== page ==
In terms of making the information available to a tribunal, this objective has also been met. The Documentation Center is often the first stop in Cambodia for officials, dignitaries and legal professionals looking at the tribunal issue. The Cambodian Genocide Program at Yale held a workshop in late 2000 for U.S.-based personnel whose work relates to the proposed tribunal. The databases containing tens of thousands of records on Khmer Rouge officials, original documents and mass graves are available on the Internet, as well as on a CD-ROM, for all to see and use. In addition, publications like the Documentation Center’s magazine “The Truth” and the CGP’s “Cambodian Genocide Sites: 1975-1979” have made research on the Cambodian genocide available to an ever-widening audience.
The aim of advancing a more theoretical understanding of genocide as a political phenomenon was the focus of the research agenda pursued by the CGP at Yale. Susan Cook, a comparative genocide scholar, wrote and lectured widely on Cambodia and Rwanda, under the auspices of the Cambodian Genocide Program. Her publications, including the forthcoming “Documenting Genocide: Lessons from Cambodia for Rwanda” in Democratic Kampuchea and Cambodia Today, David Chandler and Judy Ledgerwood, eds, examine the similarities and differences between genocidal episodes, with the aim of identifying ways to detect and prevent state-sponsored mass murder.
In a related effort at Yale, the Genocide Studies Program has sponsored a whole range of activities that were not carried out with funds from this grant, but which are relevant and worthy of mention. The Genocide Studies Program has been directly engaged in teaching graduate students about genocide in all its dimensions, sponsoring public lectures on aspects of genocide, supporting doctoral research projects on genocide, and training genocide specialists around the world in the techniques of genocide documentation. The CGP’s contributions to this program have been considerable. The Cambodian Genocide Program has co-sponsored events with the Genocide Studies Program, such as the visit to Yale by Australian scholar Kelvin Rowley, who lectured on “The Khmer Rouge After 1978.” In addition, Susan E. Cook, as CGP Director, gave several presentations on Cambodia to the Genocide Studies Program, and served on its Steering Committee. In short, the CGP’s efforts to develop more sophisticated tools for the study of genocide in general were significantly enhanced by the presence of this related program at Yale.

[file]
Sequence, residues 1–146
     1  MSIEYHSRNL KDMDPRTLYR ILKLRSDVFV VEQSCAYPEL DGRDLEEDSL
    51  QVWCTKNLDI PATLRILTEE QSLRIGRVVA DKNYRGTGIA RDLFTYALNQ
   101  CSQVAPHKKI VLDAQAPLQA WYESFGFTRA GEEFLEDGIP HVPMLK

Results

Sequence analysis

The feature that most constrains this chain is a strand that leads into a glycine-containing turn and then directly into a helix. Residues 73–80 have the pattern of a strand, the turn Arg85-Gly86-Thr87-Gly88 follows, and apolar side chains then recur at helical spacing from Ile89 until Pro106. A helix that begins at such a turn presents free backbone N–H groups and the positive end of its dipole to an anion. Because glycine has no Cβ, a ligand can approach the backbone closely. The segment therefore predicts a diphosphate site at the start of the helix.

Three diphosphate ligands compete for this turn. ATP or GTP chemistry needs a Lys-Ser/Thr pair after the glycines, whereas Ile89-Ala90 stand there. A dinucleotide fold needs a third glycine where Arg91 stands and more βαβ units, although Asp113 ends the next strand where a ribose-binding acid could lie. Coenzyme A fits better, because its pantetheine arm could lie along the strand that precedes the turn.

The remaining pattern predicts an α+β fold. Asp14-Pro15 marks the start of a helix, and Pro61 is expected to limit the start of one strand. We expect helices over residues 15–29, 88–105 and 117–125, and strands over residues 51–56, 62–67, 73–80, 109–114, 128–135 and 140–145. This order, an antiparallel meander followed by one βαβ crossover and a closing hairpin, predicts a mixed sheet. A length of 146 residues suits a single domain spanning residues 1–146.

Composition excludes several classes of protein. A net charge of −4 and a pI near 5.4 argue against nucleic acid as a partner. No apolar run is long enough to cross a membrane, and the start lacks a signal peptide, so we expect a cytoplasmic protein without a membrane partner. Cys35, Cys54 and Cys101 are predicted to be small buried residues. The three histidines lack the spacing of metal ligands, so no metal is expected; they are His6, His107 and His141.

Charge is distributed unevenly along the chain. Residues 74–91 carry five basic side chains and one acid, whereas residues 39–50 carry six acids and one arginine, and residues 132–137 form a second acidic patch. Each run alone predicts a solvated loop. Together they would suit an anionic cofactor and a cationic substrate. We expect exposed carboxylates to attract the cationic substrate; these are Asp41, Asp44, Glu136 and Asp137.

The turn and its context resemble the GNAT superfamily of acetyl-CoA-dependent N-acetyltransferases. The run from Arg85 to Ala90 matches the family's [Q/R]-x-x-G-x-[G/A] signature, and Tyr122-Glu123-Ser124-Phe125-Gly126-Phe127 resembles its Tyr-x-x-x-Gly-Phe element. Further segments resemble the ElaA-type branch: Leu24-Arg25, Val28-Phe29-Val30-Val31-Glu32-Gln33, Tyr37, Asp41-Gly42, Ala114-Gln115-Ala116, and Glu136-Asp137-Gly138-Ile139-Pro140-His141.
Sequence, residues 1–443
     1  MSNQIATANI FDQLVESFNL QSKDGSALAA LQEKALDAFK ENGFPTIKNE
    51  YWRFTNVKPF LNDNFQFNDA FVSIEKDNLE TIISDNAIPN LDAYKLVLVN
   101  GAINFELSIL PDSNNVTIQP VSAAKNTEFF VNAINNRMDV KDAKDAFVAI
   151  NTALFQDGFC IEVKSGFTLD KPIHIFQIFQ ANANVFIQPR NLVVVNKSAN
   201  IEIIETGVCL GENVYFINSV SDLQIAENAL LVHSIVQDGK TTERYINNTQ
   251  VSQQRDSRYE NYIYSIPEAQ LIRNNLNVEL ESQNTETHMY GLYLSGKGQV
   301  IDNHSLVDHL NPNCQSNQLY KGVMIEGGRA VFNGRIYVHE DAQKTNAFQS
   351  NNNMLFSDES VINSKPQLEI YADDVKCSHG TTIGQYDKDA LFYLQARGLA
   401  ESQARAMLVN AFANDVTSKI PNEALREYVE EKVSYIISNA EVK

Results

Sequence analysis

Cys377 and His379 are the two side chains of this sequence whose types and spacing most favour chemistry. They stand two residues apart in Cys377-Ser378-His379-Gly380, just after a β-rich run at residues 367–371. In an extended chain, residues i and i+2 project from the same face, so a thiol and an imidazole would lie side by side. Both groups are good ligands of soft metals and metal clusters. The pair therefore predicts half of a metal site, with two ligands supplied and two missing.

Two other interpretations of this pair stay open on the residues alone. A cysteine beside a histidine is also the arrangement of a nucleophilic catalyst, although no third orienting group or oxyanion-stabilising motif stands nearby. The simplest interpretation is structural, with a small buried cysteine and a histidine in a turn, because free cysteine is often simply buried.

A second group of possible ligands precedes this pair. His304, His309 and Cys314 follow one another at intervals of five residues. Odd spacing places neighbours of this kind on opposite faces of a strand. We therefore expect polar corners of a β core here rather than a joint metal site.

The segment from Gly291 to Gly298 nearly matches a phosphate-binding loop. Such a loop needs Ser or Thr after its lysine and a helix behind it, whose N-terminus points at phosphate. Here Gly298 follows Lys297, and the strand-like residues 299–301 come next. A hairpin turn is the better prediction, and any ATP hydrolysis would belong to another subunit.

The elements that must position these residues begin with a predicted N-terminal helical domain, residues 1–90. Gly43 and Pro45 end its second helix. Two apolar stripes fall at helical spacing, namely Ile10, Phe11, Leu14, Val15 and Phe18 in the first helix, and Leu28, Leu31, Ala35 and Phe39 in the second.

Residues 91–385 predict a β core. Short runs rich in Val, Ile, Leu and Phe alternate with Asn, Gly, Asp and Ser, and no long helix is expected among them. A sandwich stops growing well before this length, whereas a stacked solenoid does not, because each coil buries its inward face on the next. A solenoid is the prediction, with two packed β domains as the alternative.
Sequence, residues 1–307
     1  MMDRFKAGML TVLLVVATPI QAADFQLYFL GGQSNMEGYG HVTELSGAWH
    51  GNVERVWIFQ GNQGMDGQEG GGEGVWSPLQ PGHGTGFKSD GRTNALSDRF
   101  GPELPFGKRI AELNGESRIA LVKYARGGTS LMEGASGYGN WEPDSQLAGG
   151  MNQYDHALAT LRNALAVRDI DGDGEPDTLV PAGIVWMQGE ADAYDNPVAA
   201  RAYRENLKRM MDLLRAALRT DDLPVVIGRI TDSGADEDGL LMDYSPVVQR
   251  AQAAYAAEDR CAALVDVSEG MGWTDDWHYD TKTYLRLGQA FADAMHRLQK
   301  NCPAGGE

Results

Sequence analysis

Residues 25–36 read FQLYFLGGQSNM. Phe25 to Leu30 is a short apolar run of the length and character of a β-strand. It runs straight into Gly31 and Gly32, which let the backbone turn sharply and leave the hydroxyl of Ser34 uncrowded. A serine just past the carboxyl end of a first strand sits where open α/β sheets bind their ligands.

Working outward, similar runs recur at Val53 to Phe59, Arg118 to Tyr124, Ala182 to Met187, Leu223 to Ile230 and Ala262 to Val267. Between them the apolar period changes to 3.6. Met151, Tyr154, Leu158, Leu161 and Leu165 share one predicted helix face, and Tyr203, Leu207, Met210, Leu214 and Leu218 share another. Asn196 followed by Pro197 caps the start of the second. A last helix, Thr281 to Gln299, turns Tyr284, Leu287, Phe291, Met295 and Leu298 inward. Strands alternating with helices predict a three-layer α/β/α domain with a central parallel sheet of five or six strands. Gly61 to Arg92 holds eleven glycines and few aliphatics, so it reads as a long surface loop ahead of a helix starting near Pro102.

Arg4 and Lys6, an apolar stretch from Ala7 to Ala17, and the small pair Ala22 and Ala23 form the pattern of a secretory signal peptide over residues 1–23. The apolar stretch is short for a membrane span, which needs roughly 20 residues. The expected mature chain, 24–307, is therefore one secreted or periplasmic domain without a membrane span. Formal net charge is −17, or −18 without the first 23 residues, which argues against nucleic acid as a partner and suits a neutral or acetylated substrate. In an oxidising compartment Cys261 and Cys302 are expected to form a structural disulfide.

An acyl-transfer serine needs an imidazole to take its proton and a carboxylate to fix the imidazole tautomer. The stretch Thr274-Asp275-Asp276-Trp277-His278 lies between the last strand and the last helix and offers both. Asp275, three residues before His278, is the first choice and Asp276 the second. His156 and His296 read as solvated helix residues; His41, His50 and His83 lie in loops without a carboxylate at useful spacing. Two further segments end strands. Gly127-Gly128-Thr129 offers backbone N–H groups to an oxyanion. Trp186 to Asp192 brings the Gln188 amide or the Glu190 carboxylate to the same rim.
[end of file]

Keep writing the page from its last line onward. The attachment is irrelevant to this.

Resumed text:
Appendix F List of Attachments to the Report
1. Cambodian Genocide Program Annual Reports for 1997, 1999, 2000
2. “New Momentum for Khmer Rouge Trial” by Khavan Sok. Bangkok Post August 5, 2001
4. “Prosecuting Genocide in Cambodia: the Winding Path Towards Justice.” By Susan E. Cook. On www.crimesofwar.org.
5. “Literacy and Education under the Khmer Rouge (Featuring an overview of Revolutionary Flag Magazine).” By George Chigas and Dmitri Moskayov. Cambodian Genocide Program, 2001.
6. Genocide Sites in Cambodia (1975-1979) Fladeland, M. and S.E. Cook, eds. Cambodian Genocide Program, 2001.